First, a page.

The choice between staged photography and candid photography.

Lifestyle or staged photography choice

When I was starting out in photography I liked to create vibrant and sharp images, not understanding many things but trying to get a “stunning” shot. I was sometimes doing candid photography and sometimes portraits or completely staged photography. For a very long time, I disregarded documentary photography. Later I realised that a documentary photographer’s job is going beyond photography and their work is to capture something unique in life as it is. While capturing that, they try to capture the beauty of that thing or person that might soon cease to exist forever. Not always do they have time to set the right exposure or composition. Their pictures can be distorted or the colours can be dirty. But these people are going out there and sometimes are working hard weeks or even years on one project.

Why is it a hard choice

Black and white street photo with silhouettes of people

The hardship of this choice starts from the realisation that most of the time you can’t make a perfect shot without preparation. But if you want to capture life and real events and emotions you can’t do it staged. Most portrait photographs are staged and often you can see how unnatural it is. I realised that a few years ago I also did photographs which look fake. Lately, I started liking photographs which have true emotions and resonate with me. It’s very hard to create documentary photos that resonate with people but they will always be full of real emotions.

What to choose: staged photography or candid photography

For me personally, it’s always hard to choose between staged or candid style but I also realise that the best genre probably would be the fusion of both mentioned above.

If you choose staged photography

Street fashion portrait of a young woman in front of a blue door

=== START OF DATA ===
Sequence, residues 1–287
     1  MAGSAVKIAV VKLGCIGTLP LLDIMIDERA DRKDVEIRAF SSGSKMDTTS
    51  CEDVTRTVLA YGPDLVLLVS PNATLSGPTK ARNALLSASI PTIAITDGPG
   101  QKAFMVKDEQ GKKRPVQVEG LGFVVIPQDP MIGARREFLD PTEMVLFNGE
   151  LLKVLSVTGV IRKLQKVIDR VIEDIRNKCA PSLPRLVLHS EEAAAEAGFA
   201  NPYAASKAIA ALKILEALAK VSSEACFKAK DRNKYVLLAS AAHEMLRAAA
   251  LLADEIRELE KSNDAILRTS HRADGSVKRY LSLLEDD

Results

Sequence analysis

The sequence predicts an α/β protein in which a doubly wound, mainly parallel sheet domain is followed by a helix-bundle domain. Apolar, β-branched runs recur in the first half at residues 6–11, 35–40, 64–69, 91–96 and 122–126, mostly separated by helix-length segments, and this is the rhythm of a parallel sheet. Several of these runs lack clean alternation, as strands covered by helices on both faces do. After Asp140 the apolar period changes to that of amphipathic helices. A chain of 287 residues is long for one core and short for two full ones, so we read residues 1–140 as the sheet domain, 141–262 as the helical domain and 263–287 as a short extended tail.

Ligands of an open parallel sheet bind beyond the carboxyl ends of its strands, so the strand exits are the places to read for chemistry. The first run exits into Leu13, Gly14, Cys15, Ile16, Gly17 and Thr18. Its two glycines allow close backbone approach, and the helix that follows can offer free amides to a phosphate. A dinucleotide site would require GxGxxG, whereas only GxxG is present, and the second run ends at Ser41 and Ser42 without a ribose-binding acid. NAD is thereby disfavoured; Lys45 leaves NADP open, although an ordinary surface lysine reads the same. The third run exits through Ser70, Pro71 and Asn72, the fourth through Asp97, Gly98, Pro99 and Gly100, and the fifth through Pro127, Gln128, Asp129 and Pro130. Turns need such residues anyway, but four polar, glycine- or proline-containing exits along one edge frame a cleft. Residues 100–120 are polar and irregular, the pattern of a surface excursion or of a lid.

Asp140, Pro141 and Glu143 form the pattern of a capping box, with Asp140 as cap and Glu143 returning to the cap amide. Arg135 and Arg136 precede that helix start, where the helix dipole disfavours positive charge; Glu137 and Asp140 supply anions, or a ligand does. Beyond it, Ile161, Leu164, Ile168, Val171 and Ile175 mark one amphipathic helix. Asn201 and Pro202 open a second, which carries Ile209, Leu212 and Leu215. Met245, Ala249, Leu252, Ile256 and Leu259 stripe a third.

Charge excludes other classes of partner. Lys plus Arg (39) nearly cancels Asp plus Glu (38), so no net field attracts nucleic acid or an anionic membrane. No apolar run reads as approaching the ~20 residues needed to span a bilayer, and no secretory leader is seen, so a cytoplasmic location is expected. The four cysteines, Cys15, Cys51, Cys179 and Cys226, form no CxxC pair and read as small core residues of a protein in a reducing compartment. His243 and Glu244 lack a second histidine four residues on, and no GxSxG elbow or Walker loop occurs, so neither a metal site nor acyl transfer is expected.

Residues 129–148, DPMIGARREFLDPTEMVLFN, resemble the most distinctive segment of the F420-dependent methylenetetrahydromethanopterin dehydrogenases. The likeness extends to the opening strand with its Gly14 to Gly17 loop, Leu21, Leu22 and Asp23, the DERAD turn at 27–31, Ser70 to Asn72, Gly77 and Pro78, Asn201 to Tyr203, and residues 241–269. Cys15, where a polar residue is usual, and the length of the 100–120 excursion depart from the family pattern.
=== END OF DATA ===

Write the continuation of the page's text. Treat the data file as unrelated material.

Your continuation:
Staged photography often lacks sincerity. It’s a great deal that requires a lot of skills to make a staged photograph look natural. When I look at photos I took a year ago I notice that many portraits look unnatural. Nowadays I would rather allow everything to be less under control.

It is more important how people appear in your shots than how well the portrait is composed. Even if the picture is blurred - use the blurred shot if it's the only shot where you can truly see the charisma of the person.

I always wanted to have power over every part of the frame to create that stylised version of the world and create a certain atmosphere. And I started doing more and more portrait photography. At the same time, I created that fake, nonexisting scene that could be beautiful and out of everyday life. While going deeper into this I noticed that only fine art photography can look like real life at the same time being staged photography. I realised that fashion photography is also mostly about clothes and styles rather than pictures.

Nevertheless, you can almost create new worlds in your photo series by carefully choosing the settings, colours and outfits. In the example below I did the whole series on the grass but with a white background. It's exciting how much you can achieve by choosing the angle and setting.

Musicians sitting on grass playing on flute and a hand pan

How to do a staged photoshoot:

  1. Find a concept for your photoshoot (I’m not talking about stock photography when someone makes a look like he is working)